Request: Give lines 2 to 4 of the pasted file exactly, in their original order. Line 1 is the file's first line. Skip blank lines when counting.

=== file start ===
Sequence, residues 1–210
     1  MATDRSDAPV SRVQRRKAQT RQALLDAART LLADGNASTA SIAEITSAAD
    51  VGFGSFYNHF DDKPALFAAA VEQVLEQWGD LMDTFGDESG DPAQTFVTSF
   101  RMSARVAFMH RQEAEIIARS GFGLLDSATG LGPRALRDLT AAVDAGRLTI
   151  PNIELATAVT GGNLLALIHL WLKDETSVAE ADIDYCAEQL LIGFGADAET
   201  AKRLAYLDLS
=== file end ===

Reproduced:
     1  MATDRSDAPV SRVQRRKAQT RQALLDAART LLADGNASTA SIAEITSAAD
    51  VGFGSFYNHF DDKPALFAAA VEQVLEQWGD LMDTFGDESG DPAQTFVTSF
   101  RMSARVAFMH RQEAEIIARS GFGLLDSATG LGPRALRDLT AAVDAGRLTI